Classroom test can identify isolated students

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Classroom test can identify isolated students

A high school in Daejeon administered a survey to its students last year. One of the questions was, “Which of your classmates do you want to be seated with and hang out with after class?”

Kim, 17, replied that she likes to hang out with Choi, a bubbly girl popular due to her positive spirit.

The survey results were analyzed by a teacher, Park. She realized that none of the students had mentioned Kim as a classmate they wanted to socialize with, not even Choi.

She consulted with Choi and asked her to make an extra effort to make friends with Kim.

A month later, Kim took leave from school saying she was ill. Choi telephoned her and sensed that something was gravely wrong.

Choi and Park rushed to Kim’s house and found her collapsed on the floor after an overdose of antidepressants. Kim was whisked to a hospital and saved.

“The survey is what gave me the clue that Kim was ostracized,” Park says with relief, “and that she needed help.”

Kim’s life preserver was the relational net analysis program named LINK, developed last July by Cyram, a social network analysis company. Students are asked 10 questions. From the answers, the company can design a map that shows the level of intimacy among students - and the level of estrangement.

“It is easier to identify school bullying when looking into students’ relational soundness rather than their individual personalities like depression or timidity,” said Kim Tae-ryung, the assistant manager of the Social Network Business Team in Cyram. “The test results are privately sent to the teachers, who then can identify their least popular pupils and take action.”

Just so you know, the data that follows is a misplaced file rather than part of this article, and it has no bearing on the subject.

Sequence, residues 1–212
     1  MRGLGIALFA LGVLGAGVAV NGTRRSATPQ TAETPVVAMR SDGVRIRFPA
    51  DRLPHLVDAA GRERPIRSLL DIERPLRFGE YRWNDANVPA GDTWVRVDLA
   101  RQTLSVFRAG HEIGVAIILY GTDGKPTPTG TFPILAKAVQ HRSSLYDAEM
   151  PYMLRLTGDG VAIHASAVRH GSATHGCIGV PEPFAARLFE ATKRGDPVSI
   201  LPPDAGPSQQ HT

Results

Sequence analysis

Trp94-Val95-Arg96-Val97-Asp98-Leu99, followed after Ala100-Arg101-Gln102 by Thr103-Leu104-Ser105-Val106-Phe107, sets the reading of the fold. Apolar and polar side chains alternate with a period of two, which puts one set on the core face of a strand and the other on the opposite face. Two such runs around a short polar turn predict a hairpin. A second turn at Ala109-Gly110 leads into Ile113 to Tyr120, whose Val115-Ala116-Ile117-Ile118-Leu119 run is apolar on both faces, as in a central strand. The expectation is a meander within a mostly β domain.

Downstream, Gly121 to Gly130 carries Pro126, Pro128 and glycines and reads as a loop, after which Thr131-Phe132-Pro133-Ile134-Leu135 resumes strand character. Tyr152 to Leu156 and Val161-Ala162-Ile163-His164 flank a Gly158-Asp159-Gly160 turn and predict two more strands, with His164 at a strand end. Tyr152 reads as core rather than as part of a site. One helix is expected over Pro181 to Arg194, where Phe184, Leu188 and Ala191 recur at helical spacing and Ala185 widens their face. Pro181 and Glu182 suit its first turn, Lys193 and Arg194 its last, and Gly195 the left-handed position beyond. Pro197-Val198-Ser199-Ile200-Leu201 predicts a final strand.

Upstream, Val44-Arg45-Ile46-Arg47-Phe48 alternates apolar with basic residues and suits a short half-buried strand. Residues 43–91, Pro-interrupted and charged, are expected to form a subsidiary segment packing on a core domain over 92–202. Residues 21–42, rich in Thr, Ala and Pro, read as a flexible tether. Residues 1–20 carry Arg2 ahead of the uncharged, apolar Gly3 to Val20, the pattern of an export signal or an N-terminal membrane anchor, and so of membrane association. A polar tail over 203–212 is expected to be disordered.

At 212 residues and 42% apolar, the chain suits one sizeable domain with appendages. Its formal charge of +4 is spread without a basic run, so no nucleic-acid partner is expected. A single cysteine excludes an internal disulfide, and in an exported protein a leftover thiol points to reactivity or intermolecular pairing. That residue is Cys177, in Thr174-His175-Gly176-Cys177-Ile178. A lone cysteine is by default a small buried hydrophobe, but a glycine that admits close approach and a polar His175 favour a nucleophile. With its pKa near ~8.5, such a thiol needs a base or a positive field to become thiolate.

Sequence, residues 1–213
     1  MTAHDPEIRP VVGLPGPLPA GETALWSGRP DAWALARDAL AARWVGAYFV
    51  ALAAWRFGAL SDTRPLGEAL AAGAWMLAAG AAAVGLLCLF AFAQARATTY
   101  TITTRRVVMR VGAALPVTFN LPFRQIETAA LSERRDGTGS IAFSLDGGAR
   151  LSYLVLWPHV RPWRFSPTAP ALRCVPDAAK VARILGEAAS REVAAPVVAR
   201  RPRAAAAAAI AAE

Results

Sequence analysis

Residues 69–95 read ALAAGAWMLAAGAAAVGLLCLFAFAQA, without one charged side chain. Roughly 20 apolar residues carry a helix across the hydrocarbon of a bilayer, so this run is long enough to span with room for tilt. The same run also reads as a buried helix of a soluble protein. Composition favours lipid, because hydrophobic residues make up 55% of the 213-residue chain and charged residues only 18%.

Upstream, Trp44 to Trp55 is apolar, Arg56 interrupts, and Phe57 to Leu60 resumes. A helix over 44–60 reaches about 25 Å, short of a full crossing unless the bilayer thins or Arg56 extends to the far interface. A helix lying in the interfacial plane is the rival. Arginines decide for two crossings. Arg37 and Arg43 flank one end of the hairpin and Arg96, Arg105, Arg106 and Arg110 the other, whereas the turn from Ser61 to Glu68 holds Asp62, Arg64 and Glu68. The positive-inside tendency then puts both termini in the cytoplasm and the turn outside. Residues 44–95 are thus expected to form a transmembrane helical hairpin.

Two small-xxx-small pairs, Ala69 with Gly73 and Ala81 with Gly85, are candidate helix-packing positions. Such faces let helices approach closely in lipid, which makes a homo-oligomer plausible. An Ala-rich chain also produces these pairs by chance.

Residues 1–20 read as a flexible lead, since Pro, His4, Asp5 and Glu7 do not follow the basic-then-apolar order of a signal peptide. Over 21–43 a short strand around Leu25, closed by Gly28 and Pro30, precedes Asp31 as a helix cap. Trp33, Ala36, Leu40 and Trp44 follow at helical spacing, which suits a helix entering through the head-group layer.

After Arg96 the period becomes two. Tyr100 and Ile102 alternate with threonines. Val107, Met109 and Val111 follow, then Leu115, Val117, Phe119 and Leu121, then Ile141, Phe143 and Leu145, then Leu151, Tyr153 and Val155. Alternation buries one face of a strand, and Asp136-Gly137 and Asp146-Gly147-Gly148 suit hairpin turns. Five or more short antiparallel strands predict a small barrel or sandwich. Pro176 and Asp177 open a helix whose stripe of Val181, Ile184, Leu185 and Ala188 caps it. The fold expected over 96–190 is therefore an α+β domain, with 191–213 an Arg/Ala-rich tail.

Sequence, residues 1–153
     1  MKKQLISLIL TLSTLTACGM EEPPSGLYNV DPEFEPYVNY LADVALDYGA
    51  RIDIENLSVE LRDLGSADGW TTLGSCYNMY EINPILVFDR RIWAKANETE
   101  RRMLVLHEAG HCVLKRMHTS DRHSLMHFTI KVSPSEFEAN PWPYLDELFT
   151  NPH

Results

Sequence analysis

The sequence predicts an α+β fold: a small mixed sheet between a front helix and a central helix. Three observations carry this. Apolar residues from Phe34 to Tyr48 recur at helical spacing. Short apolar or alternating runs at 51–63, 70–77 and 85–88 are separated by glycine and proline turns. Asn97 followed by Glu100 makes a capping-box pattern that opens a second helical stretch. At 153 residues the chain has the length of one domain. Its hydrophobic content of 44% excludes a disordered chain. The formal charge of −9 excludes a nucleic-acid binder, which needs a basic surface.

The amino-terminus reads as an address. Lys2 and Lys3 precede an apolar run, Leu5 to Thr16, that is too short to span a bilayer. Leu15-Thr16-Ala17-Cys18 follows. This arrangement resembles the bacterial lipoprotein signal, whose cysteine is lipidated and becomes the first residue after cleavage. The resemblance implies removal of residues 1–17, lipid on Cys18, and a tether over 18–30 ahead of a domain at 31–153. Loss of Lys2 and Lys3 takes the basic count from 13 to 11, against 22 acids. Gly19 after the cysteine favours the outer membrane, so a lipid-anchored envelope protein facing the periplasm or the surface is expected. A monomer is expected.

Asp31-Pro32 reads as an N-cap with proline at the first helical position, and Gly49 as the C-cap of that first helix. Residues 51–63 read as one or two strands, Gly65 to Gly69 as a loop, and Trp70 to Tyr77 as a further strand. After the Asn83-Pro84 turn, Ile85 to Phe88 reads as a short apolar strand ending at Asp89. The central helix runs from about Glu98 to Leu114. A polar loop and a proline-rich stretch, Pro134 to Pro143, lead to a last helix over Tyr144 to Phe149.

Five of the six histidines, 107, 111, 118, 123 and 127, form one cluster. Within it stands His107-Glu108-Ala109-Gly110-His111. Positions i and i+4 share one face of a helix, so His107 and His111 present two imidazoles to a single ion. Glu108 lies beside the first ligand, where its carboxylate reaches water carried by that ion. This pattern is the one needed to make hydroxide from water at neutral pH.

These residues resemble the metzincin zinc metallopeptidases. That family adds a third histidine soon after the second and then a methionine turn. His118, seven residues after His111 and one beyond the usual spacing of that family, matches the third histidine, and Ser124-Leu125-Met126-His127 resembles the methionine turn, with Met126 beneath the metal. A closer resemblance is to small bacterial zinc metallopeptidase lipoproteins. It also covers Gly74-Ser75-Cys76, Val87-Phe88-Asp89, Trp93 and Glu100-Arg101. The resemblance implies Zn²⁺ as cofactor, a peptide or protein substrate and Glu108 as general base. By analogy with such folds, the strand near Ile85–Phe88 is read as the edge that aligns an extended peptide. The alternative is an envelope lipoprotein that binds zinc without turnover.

A sociology professor at Seoul National University, Chang Duk-jin, approves of LINK’s emphasis on social relations.

“Scrutinizing a student’s social network and locating his or her standing in society is much more crucial then studying what’s going on beneath the skin,” he said.

The survey asks questions like “Who do you want to do your homework with?” or “Who do you most frequently contact?” Kim from Cyram explains that the former question detects students who command the highest respect, while the latter reveals those who are most likeable. Those two virtues are LINK’s main criteria.

Out of the 1,718 elementary, middle and high school students surveyed since last June, approximately one in 10 students was not named in any one of the test questions, which put them in the alienation danger zone. Teachers who participated in the surveys said it helped them recognize who is at risk of being bullied.

The government conducts its own annual surveys to track and eradicate school bullying. Questions include “Have you ever been bullied?” and “Do you ever imagine committing suicide?” But teachers like Kim Jong-ho of the middle school run by Konkuk University’s College of Education say those surveys are a little too crude.

“Previous surveys merely asked students who their best friends were, so it was difficult to grasp the big picture and whether the friendships were on a mutual basis,” he said. “With LINK, I feel like I have the whole classroom in the palm of my hand.”

A middle school teacher in Seoul who had her class tested by LINK said, “I was baffled to see one of my students with top grades and seemingly amicable relationships with others assessed as an outsider.”

She took the result seriously and assigned a popular student to take extra care of the loner.

At a high school on Jeju Island, a teacher surnamed Chang said he moved one of his pupils to a different class after realizing from the survey that his only companion was in that class.

“Our mission is accomplished knowing that we saved a life,” says Cyram assistant manager Kim Tae-ryung. “We’re looking forward to saving more.”


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